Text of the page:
Kayam, buddy, thanks for stopping by and commenting, not much of a snow ball fight ;-), I exercised my authority as a dad to avoid getting any slush on my “brand spanking new” JR Press…
    Roger – break out that Hawkeye, and have some fun, I recently restored an all metal Flash Brownie Six20 and it didn’t disappoint in terms of experience.
    Mr. Short – appreciate your kind comments and thanks.
    Tony – thanks for stopping by and commenting; Yes it is unfortunate that a good number of these ended up in landfills, it is up to us to reverse that course and get more people to use them, really…
    Rick – I am glad you like them, especially “Solitude”, it is one of my favorites as well. Really enjoyed these cameras, both restoring them and shooting with them. All the best.
    L Mar - thanks for your feedback, hopefully we won’t have to put up with this cold much longer, but for now, bundle up, grab a brownie, some 400 speed film and enjoy yourself.
  35. Ralf:
    You got some wonderful images from those cameras, and it shows that you know their ways very well to get those results, plus you have a good eye for that format. Many thanks for sharing!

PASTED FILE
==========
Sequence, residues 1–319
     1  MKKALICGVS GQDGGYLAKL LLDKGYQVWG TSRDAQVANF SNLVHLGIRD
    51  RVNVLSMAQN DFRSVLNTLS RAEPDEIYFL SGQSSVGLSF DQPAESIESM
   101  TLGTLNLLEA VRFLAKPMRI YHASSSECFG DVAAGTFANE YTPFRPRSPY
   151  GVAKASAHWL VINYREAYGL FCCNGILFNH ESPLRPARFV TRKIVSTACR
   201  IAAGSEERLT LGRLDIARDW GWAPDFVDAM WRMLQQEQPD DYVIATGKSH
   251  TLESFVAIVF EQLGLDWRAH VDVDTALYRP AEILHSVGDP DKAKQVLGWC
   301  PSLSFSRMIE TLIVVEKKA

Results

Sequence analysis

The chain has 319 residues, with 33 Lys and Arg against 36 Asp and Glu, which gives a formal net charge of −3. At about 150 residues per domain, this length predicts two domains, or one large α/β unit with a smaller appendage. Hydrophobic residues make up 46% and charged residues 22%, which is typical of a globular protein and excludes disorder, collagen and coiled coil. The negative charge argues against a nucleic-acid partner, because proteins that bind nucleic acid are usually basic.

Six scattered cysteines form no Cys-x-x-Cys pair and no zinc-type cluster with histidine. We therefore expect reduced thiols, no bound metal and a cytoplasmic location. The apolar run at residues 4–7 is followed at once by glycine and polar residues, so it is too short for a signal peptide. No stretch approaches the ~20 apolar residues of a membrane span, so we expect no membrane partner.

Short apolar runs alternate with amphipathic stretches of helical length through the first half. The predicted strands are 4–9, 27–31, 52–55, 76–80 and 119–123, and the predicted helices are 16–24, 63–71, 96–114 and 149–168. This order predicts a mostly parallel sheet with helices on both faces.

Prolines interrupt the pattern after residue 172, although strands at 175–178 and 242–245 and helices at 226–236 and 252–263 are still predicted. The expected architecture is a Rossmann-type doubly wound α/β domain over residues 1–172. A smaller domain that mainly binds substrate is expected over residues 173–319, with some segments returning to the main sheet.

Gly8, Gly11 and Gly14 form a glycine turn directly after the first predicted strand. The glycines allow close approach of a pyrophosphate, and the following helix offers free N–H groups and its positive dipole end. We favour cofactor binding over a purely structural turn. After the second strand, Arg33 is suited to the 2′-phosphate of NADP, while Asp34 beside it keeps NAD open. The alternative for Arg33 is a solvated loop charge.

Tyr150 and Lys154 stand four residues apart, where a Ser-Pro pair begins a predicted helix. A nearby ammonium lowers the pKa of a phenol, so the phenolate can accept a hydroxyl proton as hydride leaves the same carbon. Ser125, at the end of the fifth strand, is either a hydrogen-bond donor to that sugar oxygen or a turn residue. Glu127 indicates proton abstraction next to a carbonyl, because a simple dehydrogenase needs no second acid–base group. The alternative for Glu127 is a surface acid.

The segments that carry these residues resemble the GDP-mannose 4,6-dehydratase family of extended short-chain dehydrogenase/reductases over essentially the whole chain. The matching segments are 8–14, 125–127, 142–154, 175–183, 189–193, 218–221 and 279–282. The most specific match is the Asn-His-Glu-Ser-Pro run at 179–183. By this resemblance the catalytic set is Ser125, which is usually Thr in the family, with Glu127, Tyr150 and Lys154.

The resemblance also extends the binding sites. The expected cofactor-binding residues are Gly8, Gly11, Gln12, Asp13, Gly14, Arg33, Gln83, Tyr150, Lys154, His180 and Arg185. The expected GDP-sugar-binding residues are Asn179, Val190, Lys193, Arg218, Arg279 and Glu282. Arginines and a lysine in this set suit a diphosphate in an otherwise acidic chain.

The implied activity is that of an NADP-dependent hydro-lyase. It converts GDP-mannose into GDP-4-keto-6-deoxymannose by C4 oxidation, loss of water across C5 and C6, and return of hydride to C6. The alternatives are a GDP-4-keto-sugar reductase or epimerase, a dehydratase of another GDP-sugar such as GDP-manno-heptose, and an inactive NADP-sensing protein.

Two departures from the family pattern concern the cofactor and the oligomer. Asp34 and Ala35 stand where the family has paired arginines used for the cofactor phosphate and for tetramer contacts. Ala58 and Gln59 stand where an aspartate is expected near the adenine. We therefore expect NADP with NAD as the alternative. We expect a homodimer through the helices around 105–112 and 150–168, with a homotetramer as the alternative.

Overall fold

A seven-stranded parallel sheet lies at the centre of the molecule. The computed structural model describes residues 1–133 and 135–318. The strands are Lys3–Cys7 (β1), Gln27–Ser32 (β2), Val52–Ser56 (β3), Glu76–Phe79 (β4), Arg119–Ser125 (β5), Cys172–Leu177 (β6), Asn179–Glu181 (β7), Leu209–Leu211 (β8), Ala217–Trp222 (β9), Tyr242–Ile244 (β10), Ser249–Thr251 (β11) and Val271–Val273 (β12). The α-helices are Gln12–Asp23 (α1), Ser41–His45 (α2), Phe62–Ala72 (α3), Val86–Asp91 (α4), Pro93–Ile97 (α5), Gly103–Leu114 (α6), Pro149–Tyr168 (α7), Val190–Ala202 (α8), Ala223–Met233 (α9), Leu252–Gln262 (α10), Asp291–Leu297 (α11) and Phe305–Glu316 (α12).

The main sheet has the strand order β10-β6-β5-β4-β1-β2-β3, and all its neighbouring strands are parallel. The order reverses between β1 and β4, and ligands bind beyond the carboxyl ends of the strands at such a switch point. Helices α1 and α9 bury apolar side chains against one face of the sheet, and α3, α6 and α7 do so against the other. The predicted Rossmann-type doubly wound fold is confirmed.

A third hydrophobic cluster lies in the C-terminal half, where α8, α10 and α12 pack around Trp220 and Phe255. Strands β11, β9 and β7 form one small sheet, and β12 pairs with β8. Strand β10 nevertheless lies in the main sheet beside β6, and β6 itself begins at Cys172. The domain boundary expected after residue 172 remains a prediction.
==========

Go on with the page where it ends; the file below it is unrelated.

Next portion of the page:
36. Lovely pictures Ralph ! The mild softening in the edges of the frame adds to the perspective and creates more depth in these pictures. Thank you, sp.
  37. Wow, Ralf! These are most impressive! I have one of these
    but it just sits on a shelf looking pretty and dusty. It's
    awesome to see what can be done with a camera of this
    vintage. Great job with these and thanks for posting them.
  38. Lovely work Ralf! Thanks for sharing this project with us.
  39. Alwways late to the party ! Excellent photos all nicely done. I liked that there were so many photos and a variety of color/B&W. Very impressed with the color photos. Also enjoyed the comparing the Acros to HP5 both excellent tonal films. As it's been said again and again It's not the camera... Kudos Great presentation.